The ability of Cambridge applicants to predict their interview scoresTheloniouss
[/field]Post-interview stress is common among Cambridge (and Oxf*ord) applicants, in significant part because many applicants leave their interview with a very poor idea of how well they have performed. In 2016, user @Doonesbury conducted some research on this and found that the interview score predictions of unsuccessful and successful applicants are not meaningfully different, see Figure 1
. It is my aim, with this research, to conduct the same test on a larger sample size. I also aim to account for both predicted score and perceived difficulty in order to determine whether this might serve as a more effective predictor of success.
I hypothesise that, in accordance with @Doonesbury’s results, there will be no significant difference between the predicted scores of successful and unsuccessful applicants. I expect that there will also be no difference between the groups in terms of the perceived difficulty of their interviews.
[field]Results and Analysis
[/field]1. Results at a glance
The initial survey received 154 responses, of which 115 could be paired with a response to the second survey. 16 of the 154 responses contained errors making it impossible to contact the initial respondent and a further 23 responses could not be paired with a response to the second survey. The responses transcribed from Doones’ graph amounted to 63 complete responses. The below tables (Figure 2
contains key summary statistics from the main groups of interest, and the accompanying graph (Figure 3) shows the distributions of predicted scores and reported difficulties, divided into successful and unsuccessful applicants.
Figure 3: Bean plots of interview score and difficulty, allowing for easy comparison of the distributions.2. Data clean-up
The data above then requires some further consideration before we can analyse it. The first question is how to treat the non-respondent and error categories. Both categories appear to differ from the successful and unsuccessful categories in potentially significant ways, such as in the mean score of non-respondents and the median difficulty for errors.
I would tend to ignore the errors, as I expect these would not be more likely to receive or not receive offers (though it could be argued that the inability to type your own email address suggests you are not Cambridge material). The non-respondents, however, are probably more likely to have not received offers, as applicants who were deselected are likely to be less willing to respond. I have discounted them anyway because it would be difficult to account for them.
Next we should consider whether to include Doones’ data or not. While its inclusion would increase our sample size, without knowing how the data was collected it’s probably not sensible to include it, as different methods of data collection might result in different styles of result. For example, Doones’ data uses a different scale to mine, which has resulted in fractional score predictions. As a result of this, and because there is no way to account for perceived difficulty, I will not be using Doones’ data in this analysis.3. Data analysis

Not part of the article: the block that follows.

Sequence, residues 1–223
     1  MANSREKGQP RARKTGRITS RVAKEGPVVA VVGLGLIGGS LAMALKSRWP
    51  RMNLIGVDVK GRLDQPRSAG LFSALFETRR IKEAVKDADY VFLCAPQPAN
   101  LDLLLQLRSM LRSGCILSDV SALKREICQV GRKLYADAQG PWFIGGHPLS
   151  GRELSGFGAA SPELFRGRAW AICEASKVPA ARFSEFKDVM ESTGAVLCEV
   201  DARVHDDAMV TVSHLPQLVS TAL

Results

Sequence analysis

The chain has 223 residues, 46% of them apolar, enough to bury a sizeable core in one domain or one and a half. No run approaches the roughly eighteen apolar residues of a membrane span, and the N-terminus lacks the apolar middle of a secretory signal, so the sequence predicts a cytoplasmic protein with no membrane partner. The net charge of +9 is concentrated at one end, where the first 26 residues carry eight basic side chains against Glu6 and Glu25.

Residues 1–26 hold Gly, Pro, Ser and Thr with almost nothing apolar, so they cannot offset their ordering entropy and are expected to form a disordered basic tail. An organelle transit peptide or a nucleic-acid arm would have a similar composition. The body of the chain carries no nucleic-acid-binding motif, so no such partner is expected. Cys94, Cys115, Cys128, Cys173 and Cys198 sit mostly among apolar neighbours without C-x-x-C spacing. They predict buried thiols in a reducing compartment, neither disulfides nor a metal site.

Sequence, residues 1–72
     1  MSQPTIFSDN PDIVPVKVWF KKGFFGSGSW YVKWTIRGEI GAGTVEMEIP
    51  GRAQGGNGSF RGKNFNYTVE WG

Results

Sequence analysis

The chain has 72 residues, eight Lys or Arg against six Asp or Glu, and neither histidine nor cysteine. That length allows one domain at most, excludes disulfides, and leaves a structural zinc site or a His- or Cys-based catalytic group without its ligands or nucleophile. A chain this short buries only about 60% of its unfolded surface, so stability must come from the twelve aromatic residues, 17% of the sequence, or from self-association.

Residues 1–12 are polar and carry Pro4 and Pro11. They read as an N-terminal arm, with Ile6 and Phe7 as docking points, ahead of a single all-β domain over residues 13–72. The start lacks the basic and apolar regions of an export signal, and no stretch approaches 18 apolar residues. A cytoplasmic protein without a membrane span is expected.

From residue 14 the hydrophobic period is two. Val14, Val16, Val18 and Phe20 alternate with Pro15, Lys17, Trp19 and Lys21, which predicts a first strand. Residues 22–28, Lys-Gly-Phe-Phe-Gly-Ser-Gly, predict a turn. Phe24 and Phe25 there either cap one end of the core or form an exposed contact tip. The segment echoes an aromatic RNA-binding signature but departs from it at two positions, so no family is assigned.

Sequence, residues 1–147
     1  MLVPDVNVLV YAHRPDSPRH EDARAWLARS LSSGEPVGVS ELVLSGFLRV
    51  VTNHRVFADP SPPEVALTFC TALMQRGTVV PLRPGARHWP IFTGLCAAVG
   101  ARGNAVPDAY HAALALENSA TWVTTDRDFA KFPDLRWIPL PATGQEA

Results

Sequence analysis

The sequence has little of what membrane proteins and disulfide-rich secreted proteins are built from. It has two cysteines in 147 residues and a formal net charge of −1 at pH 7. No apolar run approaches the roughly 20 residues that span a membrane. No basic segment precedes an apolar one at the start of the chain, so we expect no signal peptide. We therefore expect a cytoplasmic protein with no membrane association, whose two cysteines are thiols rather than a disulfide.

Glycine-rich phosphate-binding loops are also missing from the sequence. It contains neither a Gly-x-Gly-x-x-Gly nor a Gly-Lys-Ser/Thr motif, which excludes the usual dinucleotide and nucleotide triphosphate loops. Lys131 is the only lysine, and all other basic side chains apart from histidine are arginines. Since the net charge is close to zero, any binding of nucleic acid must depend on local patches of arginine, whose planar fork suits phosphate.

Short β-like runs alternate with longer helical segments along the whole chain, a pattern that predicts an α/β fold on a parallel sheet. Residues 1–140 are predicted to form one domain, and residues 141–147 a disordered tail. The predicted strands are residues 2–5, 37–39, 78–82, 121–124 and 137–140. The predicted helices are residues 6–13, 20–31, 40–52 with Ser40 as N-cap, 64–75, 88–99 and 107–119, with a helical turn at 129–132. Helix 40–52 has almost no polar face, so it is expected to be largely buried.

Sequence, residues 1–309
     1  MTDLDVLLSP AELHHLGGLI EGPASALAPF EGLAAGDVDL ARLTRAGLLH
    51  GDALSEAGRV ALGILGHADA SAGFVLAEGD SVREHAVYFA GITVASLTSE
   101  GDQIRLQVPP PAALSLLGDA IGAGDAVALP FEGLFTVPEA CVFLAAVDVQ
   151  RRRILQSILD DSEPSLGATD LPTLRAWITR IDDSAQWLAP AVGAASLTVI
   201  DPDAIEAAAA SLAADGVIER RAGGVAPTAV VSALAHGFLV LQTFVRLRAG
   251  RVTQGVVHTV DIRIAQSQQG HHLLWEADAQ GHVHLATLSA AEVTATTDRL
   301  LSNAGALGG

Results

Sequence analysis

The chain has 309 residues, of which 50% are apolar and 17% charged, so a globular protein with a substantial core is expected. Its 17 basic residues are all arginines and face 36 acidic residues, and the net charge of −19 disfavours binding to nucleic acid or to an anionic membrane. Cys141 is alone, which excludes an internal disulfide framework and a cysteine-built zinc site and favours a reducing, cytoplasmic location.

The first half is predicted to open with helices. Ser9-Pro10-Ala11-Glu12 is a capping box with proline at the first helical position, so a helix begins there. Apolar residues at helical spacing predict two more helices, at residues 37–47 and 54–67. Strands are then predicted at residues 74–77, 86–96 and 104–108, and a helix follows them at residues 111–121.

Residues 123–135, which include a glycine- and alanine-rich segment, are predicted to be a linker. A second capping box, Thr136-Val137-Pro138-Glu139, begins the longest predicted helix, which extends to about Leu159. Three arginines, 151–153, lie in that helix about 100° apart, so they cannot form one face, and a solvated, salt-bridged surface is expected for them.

In order to analyse this data, I have used logistic regression. This accounts for the binary nature of the response variable and means certain assumptions typical of regression analysis can be ignored, like normality and homoscedasticity (equal variance). The assumptions, and extent to which each is met, of logistic regression are below:
1. Binary response variable – the response variable is whether or not an offer is received
2. Independent observations – almost certainly met, I can’t see how offer-holders could have influenced one another’s responses
3. No correlation between explanatory variables – This assumption is slightly violated, as the two explanatory variables show weak correlation, as determined by Kendall’s tau correlation test, which was used because it accounts for tied ranks and doesn’t require normality (tau=-0.18, p=0.017). The correlation, however, is low and so logistic regression should still be valid.
4. Large sample size – The sample size here is 115-138, which should be large enough for logistic regression.3.1. Fitting the model
In fitting the model, I have initially assumed an interaction between interview difficulty and score – it’s likely that these will influence each other so it makes sense to include an interaction. Since the AIC for this model is lower than the AIC for the model which excludes it (153.7 with the interaction, 154.3 without it), I have left the interaction in the model. The coefficients, std. errors and p-values for this model are below:
The plot below visualises these results, as well as the data which was fitted:
Figure 4: The shade of the graph indicates the predicted offer likelihood, with darker squares indicating higher likelihood of receiving an offer. The points plotted show the collected data, with offers indicated in blue and rejections in red. Larger points indicate a greater number of respondents giving that exact combination of answers.
The model, however, does not find any significant results. None of the p-values are below 0.05, though the values for both score and score:difficulty are close. McFadden’s r-squared for this model is 0.085, suggesting very poor explanatory power.